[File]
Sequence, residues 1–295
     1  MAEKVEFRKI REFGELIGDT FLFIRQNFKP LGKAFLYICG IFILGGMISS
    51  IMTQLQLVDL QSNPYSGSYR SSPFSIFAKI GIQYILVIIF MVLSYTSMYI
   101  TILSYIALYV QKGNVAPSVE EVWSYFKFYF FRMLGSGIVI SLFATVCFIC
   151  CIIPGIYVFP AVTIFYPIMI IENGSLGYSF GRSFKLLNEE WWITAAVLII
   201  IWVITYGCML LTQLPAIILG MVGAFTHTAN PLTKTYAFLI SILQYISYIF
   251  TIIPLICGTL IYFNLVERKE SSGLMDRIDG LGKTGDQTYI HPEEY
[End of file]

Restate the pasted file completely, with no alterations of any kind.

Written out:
Sequence, residues 1–295
     1  MAEKVEFRKI REFGELIGDT FLFIRQNFKP LGKAFLYICG IFILGGMISS
    51  IMTQLQLVDL QSNPYSGSYR SSPFSIFAKI GIQYILVIIF MVLSYTSMYI
   101  TILSYIALYV QKGNVAPSVE EVWSYFKFYF FRMLGSGIVI SLFATVCFIC
   151  CIIPGIYVFP AVTIFYPIMI IENGSLGYSF GRSFKLLNEE WWITAAVLII
   201  IWVITYGCML LTQLPAIILG MVGAFTHTAN PLTKTYAFLI SILQYISYIF
   251  TIIPLICGTL IYFNLVERKE SSGLMDRIDG LGKTGDQTYI HPEEY